Goldman Sachs CEO Lloyd BlankfeinGoldman Sachs
Ever since the Wall Street Journal reported Goldman Sachs bought bonds issued by Venezuela’s state oil company,
it has faced a firestorm of criticism.
There were protests outside of the bank’s New York headquarters, and Venezuela’s opposition lawmakers accused it of funding an oppressive regime.
All this, and we just learned that the deal didn’t even rise to the attention of top bank executives. In fact, the way WSJ’s Liz Hoffman tells it, buying the bonds for $0.31 on the dollar was a “no brainer” for fund managers.
Sure, it’s a no brainer in a vacuum. But Goldman doesn’t operate in a vacuum. Outside of the fact that Venezuela is currently defined by stories of extreme human suffering, Goldman is also under more scrutiny now that the White House is filled with its alumni.
Put in terms a portfolio manager might understand: If there was a marketplace for media hive and public outrage, then Goldman’s reputational risk premium exploded when Donald Trump became president and Steve Mnuchin and Gary Cohn (and Steve Bannon) took his side.
The Venezuela trade, though, shows that the bank might not have understood this.
Do what you want at your own risk
Now, to be fair, a bank should be able to do whatever legal deal they want and — on paper — Goldman’s in the clear.
Venezuela didn’t even issue new debt for this, and Goldman will likely make money for its shareholders on the trade. Bonds of the oil company, PDVSA, are basically sovereign debt.
Goldman’s problem has to do with how we expect banks to do business after the financial crisis. We actually want banks to care about their reputations, especially when their alums help run the world from the White House. When they act like they don’t care, that’s now bad for business because we’re watching.
“Forget the moral and the ethics of it all… As a practical business model they obviously made a mistake,” Steve Hanke, an economist who advised former Venezuelan President Rafael Caldera, told Business Insider.
As you can see from the chart of Venezuela’s cash reserves below, the regime has wiggled out of tight spots before. Whether Goldman had bought those PDVSA bonds or not the carnage in Venezuela would continue, perhaps for quite a long time. Regimes that have seemed close to death for years still exist on the planet (think: Zimbabwe and Robert Mugabe).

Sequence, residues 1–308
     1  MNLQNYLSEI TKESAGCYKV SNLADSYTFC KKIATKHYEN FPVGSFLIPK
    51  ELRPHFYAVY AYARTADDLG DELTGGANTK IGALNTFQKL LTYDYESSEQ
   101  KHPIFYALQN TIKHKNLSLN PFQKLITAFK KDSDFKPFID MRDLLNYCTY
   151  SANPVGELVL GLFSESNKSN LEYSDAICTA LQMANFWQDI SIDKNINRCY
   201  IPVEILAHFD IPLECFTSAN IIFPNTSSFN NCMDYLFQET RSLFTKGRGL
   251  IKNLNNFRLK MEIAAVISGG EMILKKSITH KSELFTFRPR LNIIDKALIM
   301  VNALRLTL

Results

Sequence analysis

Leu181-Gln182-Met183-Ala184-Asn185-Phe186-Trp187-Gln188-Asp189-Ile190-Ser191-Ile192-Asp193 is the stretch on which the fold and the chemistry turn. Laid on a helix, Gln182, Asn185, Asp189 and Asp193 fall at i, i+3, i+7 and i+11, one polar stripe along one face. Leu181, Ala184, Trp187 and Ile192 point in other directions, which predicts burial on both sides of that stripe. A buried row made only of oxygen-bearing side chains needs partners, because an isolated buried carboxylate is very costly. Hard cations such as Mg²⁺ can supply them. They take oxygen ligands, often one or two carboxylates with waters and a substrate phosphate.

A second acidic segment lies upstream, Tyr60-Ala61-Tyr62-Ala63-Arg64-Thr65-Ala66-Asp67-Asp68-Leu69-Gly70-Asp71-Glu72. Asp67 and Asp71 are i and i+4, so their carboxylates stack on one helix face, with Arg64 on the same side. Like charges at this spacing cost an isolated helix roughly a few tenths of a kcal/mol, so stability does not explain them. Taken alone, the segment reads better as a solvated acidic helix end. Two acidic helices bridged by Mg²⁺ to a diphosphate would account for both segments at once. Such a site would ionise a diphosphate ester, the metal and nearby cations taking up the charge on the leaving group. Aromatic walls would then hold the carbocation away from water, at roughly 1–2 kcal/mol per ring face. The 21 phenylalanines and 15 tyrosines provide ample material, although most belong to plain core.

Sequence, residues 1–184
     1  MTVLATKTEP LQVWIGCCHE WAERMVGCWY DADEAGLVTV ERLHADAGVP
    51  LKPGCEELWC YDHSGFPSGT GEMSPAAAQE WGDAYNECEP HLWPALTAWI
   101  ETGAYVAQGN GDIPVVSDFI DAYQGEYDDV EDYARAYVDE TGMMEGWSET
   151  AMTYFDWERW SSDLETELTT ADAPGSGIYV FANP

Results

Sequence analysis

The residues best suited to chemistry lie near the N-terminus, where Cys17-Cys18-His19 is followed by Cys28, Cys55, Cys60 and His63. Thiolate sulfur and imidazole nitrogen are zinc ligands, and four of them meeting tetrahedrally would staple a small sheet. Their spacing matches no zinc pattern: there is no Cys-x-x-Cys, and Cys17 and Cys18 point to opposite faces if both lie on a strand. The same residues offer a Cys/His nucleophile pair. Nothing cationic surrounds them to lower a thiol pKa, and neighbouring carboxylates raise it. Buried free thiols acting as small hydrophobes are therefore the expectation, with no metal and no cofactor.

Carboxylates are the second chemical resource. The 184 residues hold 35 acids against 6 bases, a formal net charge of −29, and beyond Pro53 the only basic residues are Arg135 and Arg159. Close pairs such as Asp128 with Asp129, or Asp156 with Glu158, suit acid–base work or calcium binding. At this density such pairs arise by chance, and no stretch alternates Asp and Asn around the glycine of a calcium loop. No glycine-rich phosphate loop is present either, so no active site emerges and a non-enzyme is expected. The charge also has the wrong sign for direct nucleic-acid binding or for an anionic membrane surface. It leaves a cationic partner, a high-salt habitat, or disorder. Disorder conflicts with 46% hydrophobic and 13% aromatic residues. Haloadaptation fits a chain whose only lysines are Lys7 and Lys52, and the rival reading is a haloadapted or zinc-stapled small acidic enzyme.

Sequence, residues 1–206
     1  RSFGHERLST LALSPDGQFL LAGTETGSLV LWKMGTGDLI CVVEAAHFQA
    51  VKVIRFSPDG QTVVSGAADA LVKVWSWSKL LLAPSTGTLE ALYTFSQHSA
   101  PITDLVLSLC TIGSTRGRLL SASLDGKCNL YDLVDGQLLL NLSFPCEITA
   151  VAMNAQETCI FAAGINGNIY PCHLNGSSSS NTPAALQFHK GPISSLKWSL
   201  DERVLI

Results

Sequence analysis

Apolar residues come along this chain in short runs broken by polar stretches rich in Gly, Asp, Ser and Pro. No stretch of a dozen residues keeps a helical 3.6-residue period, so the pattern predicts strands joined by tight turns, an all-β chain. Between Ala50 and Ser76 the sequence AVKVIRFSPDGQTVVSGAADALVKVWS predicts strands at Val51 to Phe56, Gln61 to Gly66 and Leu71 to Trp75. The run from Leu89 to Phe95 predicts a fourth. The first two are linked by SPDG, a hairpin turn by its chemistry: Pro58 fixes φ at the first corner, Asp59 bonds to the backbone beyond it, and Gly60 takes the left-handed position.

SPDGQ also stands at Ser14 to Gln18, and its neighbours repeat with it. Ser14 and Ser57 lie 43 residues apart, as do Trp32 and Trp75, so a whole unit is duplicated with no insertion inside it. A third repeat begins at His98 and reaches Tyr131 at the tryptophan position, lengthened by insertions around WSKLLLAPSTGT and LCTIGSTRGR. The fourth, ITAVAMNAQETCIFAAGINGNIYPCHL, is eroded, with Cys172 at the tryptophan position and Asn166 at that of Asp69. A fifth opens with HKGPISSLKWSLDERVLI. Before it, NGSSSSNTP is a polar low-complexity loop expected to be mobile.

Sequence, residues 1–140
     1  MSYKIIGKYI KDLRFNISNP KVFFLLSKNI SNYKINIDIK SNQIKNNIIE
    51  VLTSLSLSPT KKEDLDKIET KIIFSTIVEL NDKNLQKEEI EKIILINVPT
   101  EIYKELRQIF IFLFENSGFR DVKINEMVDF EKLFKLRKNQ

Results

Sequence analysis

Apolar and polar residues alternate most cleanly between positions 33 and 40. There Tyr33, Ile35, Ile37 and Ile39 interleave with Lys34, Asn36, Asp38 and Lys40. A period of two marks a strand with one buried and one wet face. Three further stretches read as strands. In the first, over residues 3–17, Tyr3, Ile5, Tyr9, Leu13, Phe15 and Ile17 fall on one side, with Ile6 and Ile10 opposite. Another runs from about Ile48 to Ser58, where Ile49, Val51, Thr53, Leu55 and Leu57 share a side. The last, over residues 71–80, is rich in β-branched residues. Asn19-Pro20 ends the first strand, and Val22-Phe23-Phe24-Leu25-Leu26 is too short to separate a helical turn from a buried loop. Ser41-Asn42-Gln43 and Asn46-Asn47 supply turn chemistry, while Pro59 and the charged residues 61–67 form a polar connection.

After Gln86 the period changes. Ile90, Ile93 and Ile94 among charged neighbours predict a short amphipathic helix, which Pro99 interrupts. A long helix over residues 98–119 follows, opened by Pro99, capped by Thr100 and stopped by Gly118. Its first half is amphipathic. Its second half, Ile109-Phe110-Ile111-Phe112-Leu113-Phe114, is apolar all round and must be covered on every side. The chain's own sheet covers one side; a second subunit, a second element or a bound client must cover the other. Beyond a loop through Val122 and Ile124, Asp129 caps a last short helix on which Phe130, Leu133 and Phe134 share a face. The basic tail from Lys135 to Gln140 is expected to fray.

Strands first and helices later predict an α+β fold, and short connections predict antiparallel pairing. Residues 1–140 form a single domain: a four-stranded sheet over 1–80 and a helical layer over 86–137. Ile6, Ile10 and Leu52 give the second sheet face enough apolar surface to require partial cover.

Banco Central de Venezuela, Steve Hanke of the John’s Hopkins University
Here’s the good news though, the fact that there is an uproar about this shows we’re not sinking into a dangerous space of complete moral relativism.
Good job, guys.
We now live in a world where the president of the United States decided that the secretary of state should be the former Exxon Mobil CEO, who actively lobbied Congress to remove a rule that made his company unable to do clandestine business with authoritarian petro-states.
That rule was a part of Dodd-Frank, and a few months ago the Trump administration had it removed.
The message here from the great hive that is the media and the internet is that Goldman should be less vulgar, less greedy. The message that decisions involving brutal autocrats should no longer be “no-brainers.”
Maybe this is a new era in how we react to banks doing business around the world. Maybe soon enough every kid in American will know something about the Foreign Corrupt Practices Act. Maybe bankers will catch themselves before they work with the bad guys because, frankly, it’s bad for business.
Wouldn’t be such a bad thing, to be honest. This doesn’t have to be the Wild West — not yet.